This month’s card on the Divine Dog Wisdom calendar is “Honor.” It’s all about giving yourself and others credit where credit is due, honor as a verb. And not holding back on compliments for yourself and others. Authentic acknowledgement lights people up and makes the world a far better place for all. See what the Divine Dog Wisdom Card Guidebook has to say about “Honor.”
What It Means if You Fetched This Card Today
If you fetched this card, it means that you can rightly claim some achievement for yourself and deserve a pat on the head or stroke on the back. Or it’s time to give that recognition to others.
Perhaps you need to acknowledge certain people in your life more fully, crediting them for their contributions to your care and feeding over time and honoring them for their devotion to you. Maybe you’ve missed an opportunity to express to these mothers, fathers, caregivers, teachers, and mentors your gratitude and appreciation. The sacrifices they’ve made and their commitment to their own highest ideals now affect how you view and live your own life. So this is the time to recognize, salute, and applaud those people, whatever their creed or breed, whether friend far afield or close to home in your own litter.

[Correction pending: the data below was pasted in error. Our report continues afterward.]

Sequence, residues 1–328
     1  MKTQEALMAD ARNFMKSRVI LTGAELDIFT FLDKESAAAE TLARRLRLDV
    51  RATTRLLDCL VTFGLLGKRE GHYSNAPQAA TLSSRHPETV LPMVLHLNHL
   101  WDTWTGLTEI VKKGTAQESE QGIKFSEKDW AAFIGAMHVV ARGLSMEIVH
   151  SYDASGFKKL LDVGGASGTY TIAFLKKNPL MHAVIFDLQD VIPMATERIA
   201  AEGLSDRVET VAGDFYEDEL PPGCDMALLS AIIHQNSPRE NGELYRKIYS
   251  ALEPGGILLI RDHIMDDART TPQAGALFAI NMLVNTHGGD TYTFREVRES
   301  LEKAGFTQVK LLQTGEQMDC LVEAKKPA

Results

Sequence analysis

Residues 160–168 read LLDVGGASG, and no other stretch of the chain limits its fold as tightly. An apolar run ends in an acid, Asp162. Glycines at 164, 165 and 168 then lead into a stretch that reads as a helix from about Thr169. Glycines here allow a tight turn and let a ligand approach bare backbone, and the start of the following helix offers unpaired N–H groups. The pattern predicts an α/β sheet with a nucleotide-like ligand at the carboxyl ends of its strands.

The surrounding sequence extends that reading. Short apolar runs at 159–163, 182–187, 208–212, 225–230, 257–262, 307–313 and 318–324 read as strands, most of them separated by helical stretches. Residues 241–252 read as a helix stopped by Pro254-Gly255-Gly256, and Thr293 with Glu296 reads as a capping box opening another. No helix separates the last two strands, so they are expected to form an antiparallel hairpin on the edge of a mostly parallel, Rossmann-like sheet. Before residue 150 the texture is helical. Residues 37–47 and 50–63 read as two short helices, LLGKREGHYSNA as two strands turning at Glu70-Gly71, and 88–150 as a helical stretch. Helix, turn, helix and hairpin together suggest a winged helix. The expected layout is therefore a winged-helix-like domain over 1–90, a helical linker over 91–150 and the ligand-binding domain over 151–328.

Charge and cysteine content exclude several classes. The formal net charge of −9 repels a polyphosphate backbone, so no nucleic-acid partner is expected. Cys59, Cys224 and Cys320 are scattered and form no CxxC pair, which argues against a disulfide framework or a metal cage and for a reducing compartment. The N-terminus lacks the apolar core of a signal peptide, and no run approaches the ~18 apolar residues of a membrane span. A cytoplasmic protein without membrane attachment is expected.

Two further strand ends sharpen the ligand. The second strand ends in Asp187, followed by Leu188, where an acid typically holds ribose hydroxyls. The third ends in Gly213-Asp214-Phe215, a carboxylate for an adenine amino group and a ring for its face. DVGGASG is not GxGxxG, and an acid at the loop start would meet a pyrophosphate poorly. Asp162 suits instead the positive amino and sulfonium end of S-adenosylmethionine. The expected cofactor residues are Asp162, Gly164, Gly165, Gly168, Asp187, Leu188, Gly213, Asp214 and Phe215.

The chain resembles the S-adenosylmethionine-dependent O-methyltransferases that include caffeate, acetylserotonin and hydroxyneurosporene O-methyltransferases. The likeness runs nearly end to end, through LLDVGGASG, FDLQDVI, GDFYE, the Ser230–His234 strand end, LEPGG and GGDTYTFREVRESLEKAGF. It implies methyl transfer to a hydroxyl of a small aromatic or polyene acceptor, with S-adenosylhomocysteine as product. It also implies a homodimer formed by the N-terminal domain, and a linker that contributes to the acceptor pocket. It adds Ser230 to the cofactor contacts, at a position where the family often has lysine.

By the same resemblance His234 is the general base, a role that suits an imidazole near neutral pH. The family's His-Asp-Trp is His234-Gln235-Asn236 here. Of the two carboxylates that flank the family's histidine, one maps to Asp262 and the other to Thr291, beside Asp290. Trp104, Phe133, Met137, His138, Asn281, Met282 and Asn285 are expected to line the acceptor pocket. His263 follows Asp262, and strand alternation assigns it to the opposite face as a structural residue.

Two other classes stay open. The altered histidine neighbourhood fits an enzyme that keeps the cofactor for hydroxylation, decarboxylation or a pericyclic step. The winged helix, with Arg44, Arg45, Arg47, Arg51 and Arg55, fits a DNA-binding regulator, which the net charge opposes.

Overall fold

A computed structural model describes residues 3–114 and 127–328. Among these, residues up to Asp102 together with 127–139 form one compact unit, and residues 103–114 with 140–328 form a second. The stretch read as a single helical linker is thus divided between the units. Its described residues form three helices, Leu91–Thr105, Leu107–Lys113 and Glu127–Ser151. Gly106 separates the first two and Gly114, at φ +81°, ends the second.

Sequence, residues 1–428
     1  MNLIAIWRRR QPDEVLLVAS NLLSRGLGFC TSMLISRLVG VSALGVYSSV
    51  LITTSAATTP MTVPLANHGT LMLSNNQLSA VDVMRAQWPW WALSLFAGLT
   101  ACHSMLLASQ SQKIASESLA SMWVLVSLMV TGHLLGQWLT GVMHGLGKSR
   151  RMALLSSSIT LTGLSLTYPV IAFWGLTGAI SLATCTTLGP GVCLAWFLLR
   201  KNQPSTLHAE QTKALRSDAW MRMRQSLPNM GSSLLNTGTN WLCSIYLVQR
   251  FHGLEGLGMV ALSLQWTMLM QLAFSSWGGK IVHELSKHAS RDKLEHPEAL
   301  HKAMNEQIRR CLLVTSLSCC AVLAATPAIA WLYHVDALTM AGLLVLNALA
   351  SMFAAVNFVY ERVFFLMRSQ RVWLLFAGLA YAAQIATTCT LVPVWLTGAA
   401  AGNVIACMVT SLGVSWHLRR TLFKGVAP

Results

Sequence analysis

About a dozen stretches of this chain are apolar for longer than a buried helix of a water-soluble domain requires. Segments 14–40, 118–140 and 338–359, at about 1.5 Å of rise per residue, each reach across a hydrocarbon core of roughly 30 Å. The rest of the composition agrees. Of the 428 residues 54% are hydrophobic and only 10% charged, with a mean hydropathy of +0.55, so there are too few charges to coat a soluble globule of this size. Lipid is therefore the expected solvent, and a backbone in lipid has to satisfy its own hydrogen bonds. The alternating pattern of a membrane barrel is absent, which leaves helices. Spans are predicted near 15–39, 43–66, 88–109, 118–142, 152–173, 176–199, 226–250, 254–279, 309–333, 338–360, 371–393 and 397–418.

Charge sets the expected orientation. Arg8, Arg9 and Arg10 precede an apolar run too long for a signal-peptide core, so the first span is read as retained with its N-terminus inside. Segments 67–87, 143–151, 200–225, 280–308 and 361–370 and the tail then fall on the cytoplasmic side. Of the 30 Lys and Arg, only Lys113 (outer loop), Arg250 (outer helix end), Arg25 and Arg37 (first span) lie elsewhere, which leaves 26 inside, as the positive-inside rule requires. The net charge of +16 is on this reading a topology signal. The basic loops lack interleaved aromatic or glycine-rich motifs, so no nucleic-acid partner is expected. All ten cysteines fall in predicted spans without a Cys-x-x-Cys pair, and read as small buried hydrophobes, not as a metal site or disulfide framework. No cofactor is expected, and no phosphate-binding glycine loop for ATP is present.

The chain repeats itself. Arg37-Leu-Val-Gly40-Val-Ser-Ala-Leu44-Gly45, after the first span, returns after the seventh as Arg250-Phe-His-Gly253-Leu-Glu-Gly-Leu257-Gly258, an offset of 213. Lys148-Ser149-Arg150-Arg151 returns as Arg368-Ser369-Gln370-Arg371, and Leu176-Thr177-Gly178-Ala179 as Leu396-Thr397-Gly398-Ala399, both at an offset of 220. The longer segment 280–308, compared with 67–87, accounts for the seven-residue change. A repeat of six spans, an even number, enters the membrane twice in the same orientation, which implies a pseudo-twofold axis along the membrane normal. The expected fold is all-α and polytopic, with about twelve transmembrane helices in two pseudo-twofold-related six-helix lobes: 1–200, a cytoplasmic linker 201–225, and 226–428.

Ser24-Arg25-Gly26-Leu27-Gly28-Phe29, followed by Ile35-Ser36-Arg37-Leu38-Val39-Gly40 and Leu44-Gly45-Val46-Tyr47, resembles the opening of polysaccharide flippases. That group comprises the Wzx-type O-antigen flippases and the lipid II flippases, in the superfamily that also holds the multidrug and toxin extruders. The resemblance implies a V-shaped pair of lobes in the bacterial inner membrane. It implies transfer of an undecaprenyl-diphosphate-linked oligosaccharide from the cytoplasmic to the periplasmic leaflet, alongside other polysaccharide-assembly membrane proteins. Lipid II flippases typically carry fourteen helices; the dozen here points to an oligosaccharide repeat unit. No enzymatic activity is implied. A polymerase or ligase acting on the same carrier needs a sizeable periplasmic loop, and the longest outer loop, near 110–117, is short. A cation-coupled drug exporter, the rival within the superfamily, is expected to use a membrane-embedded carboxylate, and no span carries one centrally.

If you’re holding back on acknowledging your own contributions or gifts to others for fear of standing out or seeming arrogant and superior, it’s time to take a fur-lough from that false humility and scratch out a new territory of self-recognition. Take the acclaim and commendation for yourself, keeping score of your achievements in equal or greater measure than you keep score of your deficits.
Perhaps someone is honoring you and you’re not hearing or receiving that treat. Perhaps your training has you turning down compliments. Receiving well is as important as giving. Accept the treat with grace and allow the exchange to come full circle.
And finally, honoring yourself simply for who you are, apart from anything you’ve done, honors Creation and all its creatures—you not the least among them. You are enough in this moment.
Another Bone to Chew On
Honor can be spoken, written, danced, sung, ritualized, or expressed in ceremony or art. Whether you’re being called to honor others or yourself, or to allow others to honor you, make it a heartfelt act or exchange instead of bowing out. If you honor a quality or characteristic in another, realize that if it weren’t in you, you couldn’t see it in them. In that way, honoring is always mutual.
Think of a quality you admire in another, and write down how you see yourself embodying that characteristic as a way to honor yourself.